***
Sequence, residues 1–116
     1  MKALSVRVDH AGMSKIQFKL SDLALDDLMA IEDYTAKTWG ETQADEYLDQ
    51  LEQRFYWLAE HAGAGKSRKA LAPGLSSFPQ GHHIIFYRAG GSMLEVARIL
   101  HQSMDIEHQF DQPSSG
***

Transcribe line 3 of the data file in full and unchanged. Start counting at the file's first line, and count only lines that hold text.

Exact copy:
    51  LEQRFYWLAE HAGAGKSRKA LAPGLSSFPQ GHHIIFYRAG GSMLEVARIL